According to the "STEM Starts Early" study performed by The Joan Ganz Cooney Center at Sesame Workshop and New America, “early STEM experiences predict later academic outcomes better than early reading skills". A Carnegie Foundation commission concluded that our capacity to innovate and thrive as adults depends on a foundation of math and science learning.
The benefits of early STEM education are numerous, but many parents and teachers wonder how to implement these concepts at an early age. It is never too early to begin, and the best place to start is where children's curiosity naturally lies: out in nature.
Exposure to animals and their environments—whether in nature or in a book—is often at the root of a child’s interest in science. Young Jane Goodall loved to observe the wildlife near her home, a passion that inspired her groundbreaking chimpanzee research. Charles Turner, pioneering entomologist, spent hours reading about ants and other insects in the pages of his father’s books. Rachel Carson began writing stories about squirrels when she was eight. Spark curiosity in a child and watch them develop a lifelong enthusiasm for learning.
By simply allowing them to to tap into their natural and innate curiosity about the living world and encouraging them to ask questions, you are engaging children in STEM.
Children's Experiential Learning in Nature
Nature provides young children with opportunities to develop their own understanding of STEM concepts by observing and interacting with the physical world.
For example, children can grasp a complex concept like the water cycle by observing puddles growing larger during a rainstorm and subsequently shrinking on a sunny day. Going for walks and keeping a nature journal fosters observation and critical thinking skills.
Moments of STEM learning aren't reserved for special activities; they happen all the time, everywhere. Our job as parents and educators is to draw out our children's inner scientists and give them the tools they need to make observations and connections.
While out in nature with your child, ask "what" questions rather than "why" questions. "What"questions focus on what your child is noticing and doing, and open the door for you to explore the natural world together. "Why" questions imply there is one correct answer to a question, which can discourage a child's natural curiosity. Asking a child, "Why does a rock sink in water?" is very different than asking "What happens when we put a rock in water?"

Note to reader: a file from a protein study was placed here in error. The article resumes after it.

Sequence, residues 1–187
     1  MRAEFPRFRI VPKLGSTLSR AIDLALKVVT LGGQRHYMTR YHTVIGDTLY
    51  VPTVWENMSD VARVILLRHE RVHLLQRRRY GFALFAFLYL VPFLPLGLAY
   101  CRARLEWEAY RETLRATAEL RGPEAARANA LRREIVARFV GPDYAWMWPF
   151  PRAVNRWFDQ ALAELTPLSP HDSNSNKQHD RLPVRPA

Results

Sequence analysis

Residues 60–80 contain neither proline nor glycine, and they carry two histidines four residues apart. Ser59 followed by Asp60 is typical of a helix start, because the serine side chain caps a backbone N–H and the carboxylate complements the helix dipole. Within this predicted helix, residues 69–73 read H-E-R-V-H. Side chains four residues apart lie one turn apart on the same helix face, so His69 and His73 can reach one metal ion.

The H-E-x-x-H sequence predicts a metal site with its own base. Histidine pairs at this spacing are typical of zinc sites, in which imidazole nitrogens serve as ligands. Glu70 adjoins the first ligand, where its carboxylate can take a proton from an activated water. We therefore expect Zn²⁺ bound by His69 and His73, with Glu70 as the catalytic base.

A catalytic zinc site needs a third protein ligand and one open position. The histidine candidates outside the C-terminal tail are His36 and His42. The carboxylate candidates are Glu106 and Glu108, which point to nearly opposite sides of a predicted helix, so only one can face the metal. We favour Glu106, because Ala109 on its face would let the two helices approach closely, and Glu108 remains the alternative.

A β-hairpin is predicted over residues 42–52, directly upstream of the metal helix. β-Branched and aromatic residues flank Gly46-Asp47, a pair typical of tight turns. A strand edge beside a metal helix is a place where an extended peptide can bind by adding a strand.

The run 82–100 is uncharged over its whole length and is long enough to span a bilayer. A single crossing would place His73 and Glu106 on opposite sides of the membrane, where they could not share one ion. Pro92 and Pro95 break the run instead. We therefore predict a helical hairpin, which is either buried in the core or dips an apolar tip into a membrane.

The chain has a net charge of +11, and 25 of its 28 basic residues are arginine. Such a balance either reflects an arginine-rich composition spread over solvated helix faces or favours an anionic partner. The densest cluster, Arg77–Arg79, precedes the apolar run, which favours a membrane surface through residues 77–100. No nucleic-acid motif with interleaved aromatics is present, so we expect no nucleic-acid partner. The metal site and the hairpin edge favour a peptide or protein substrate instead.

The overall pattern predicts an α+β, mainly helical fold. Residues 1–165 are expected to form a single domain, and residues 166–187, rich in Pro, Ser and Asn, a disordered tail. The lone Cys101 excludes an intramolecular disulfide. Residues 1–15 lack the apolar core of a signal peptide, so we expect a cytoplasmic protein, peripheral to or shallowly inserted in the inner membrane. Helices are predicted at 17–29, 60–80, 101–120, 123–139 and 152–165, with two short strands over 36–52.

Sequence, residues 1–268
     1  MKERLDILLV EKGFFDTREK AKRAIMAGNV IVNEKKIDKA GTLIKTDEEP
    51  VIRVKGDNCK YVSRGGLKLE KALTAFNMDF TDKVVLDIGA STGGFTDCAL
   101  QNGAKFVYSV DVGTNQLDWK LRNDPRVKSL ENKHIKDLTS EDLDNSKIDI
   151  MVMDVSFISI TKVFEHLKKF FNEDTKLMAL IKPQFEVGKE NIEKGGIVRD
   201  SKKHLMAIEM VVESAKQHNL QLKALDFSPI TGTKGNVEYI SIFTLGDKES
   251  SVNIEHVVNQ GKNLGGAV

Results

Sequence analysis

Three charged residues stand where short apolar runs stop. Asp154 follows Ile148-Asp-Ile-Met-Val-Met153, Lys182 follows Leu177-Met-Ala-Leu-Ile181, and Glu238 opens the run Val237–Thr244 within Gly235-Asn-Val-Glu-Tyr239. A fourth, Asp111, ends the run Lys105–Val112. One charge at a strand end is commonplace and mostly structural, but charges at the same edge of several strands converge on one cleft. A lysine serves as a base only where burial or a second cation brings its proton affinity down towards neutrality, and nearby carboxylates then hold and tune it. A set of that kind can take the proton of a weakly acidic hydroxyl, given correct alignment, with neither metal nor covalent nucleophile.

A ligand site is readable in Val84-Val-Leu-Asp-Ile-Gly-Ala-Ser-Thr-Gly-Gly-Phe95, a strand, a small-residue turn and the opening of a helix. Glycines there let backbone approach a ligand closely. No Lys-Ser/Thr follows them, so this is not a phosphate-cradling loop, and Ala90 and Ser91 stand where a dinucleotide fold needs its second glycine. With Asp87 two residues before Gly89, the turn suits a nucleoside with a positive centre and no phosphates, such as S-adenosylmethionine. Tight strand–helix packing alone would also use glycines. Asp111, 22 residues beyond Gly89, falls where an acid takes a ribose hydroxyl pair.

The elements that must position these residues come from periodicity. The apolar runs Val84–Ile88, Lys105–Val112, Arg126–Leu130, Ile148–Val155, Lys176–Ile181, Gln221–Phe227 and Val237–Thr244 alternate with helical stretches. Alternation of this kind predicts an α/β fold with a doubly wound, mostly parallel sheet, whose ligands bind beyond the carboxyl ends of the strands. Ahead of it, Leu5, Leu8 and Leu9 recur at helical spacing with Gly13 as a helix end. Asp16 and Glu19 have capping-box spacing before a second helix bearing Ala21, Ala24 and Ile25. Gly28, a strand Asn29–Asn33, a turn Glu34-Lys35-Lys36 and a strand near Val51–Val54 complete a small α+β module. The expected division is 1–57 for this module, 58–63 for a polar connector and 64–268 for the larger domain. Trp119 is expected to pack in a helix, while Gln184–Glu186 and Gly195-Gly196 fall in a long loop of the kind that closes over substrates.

Early STEM Education and Literature
The same way children naturally love to interact with nature, their innate love of books and illustrations provides early STEM education opportunities.
But the benefits don't stop there! More than a simple scientific introduction, animal stories are an instance and an analogy of caring love. Showing children attachment in the natural world fosters empathy, kindness, and compassion in both their interpersonal and interspecies interactions.
The "Beginnings" Collection
This is where Science Naturally can help! Our Beginnings collection of STEM books for the early years has something to spark or sustain budding curiosity in any child.
These stunningly illustrated, information-packed titles introduce youngsters to the wonderful world of animals, and, by extension, to themselves. They encourage children to make real-world connections that sharpen their analytical skills and give them a head start in STEM.
Reading these titles together inspires children to think about how each species matures, what they need to survive, and what their communities look like—whether pride, flock, or family.